METHODS

Subjects

The participants were 20 speed/power athletes (10 male and 10 female fencers), all members of the National team, with considerable experience of international competitions. The physical characteristics of the subjects are shown in Table 1. The participants trained 5-6 times a week (~120 minutes per session) and participated in competitions approximately every second week. The daily training programs were typical of the fencing training and were devoted to specific exercises and skills for the lower limbs and to technical and tactical development at moderate to high intensities (Tsolakis and Katsikas, 2006). The specific conditioning part aimed to improve aerobic and anaerobic fitness of the fencers was performed twice a week and contained alternatively weight training, circuit training, sprint and jumping plyometric drills. Prior to data collection, informed consent was obtained from each participant, after a thorough description of the risks being involved. The study was approved by the local Institutional Review Board and all procedures were in accordance with the Helsinki declaration of 1975, as revised in 1996. The fencers were free of injury and the testing was performed during the transitional training period.

Experimental design and procedures

This study was designed to investigate the effects of two different warm-up protocols on legs power performance in high level speed/power athletes of both genders. More specifically, a repeated measure, within subject randomized designed was used to compare the effects of two different warm-ups on hip joint flexion range of motion (ROM) and counter-movement jump (CMJ) performance. The warm-up procedures contained either a short or a longer static stretching treatment combined with either a moderate or high volume of plyometric jumps. In order to evaluate the possible interaction between fatigue and PAP, performance tests were executed immediately after and at the end of the 8th min of recovery following interventions. The results of this study were expected to provide additional information concerning the effectiveness of the combination of those warm-up components and to suggest the most appropriate warm-up procedures for speed/power athletes.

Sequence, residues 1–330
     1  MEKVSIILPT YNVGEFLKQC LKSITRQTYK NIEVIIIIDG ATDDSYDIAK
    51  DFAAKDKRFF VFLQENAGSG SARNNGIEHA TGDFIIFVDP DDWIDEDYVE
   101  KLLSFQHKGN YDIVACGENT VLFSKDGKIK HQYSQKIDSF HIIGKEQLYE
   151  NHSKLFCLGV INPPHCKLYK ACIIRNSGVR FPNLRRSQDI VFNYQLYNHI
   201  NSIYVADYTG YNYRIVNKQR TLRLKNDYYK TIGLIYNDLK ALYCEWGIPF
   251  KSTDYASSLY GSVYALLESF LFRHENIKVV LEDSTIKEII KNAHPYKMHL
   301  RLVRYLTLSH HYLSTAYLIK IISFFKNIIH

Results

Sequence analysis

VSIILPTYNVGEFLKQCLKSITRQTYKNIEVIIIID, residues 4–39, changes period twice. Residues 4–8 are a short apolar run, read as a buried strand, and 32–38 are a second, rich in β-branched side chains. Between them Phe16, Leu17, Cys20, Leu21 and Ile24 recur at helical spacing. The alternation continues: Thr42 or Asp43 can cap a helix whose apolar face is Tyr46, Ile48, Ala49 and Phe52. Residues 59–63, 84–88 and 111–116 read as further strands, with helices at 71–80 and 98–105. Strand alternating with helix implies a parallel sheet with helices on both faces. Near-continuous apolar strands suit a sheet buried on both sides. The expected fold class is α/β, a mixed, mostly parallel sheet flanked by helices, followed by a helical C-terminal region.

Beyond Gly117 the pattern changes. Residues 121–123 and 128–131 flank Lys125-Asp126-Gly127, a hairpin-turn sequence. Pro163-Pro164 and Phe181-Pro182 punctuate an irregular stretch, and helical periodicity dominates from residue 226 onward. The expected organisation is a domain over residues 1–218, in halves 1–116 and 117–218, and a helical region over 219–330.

In the 24-hour period before performing the tests, the subjects did not engage in any fatiguing activity. Each fencer was instructed and verbally encouraged during each test to perform maximally at each trial.